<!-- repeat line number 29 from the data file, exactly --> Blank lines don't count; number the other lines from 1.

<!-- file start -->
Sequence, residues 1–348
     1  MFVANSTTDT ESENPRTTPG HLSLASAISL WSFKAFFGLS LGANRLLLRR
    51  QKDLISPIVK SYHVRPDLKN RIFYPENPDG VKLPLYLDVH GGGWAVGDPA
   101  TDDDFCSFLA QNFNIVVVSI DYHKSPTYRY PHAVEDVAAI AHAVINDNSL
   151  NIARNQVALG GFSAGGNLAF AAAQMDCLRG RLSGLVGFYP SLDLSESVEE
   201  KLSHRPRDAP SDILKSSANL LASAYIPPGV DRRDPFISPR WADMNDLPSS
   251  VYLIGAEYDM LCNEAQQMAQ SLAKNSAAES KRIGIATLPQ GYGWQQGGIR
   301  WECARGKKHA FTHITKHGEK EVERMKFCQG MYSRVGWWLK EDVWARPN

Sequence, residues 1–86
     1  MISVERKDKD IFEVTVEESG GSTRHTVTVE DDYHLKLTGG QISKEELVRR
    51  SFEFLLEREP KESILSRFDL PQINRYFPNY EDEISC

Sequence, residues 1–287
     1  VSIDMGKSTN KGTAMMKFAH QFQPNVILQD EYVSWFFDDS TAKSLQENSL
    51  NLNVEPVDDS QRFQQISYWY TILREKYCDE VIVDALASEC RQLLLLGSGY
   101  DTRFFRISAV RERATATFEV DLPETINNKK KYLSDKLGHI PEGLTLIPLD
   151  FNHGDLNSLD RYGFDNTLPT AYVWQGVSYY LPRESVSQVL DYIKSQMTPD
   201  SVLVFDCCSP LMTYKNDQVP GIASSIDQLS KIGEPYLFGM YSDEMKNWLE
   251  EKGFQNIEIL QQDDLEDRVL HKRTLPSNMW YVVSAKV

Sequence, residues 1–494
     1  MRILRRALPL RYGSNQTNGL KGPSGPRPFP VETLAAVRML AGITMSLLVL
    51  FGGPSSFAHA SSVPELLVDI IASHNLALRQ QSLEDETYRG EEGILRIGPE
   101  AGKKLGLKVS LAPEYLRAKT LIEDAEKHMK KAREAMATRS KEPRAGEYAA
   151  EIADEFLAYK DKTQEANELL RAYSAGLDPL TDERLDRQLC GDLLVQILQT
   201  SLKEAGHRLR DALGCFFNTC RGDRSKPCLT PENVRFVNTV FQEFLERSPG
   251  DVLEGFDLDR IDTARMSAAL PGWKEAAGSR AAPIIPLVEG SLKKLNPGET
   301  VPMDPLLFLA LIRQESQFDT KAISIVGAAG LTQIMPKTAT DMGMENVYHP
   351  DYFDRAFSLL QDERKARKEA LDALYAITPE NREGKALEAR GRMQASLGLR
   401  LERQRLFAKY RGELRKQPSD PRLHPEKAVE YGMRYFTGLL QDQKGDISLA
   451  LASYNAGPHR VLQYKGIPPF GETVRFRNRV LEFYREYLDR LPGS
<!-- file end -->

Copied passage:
   451  LASYNAGPHR VLQYKGIPPF GETVRFRNRV LEFYREYLDR LPGS